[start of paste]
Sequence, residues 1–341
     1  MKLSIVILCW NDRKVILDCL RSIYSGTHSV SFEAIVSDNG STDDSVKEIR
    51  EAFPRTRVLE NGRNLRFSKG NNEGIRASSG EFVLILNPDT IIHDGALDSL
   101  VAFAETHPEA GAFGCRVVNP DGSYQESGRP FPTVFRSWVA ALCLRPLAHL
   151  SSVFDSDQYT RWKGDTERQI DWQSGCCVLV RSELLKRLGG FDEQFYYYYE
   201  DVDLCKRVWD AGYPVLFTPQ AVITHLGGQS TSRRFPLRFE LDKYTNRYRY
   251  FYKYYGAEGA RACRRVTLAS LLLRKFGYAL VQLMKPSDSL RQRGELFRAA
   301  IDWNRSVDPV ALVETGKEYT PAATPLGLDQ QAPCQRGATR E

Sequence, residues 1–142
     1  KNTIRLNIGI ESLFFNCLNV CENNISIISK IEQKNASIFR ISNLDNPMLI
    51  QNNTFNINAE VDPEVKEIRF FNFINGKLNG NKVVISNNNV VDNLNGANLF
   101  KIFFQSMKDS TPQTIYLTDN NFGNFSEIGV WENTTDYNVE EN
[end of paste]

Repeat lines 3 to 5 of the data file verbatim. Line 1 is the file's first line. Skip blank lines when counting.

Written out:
    51  EAFPRTRVLE NGRNLRFSKG NNEGIRASSG EFVLILNPDT IIHDGALDSL
   101  VAFAETHPEA GAFGCRVVNP DGSYQESGRP FPTVFRSWVA ALCLRPLAHL
   151  SSVFDSDQYT RWKGDTERQI DWQSGCCVLV RSELLKRLGG FDEQFYYYYE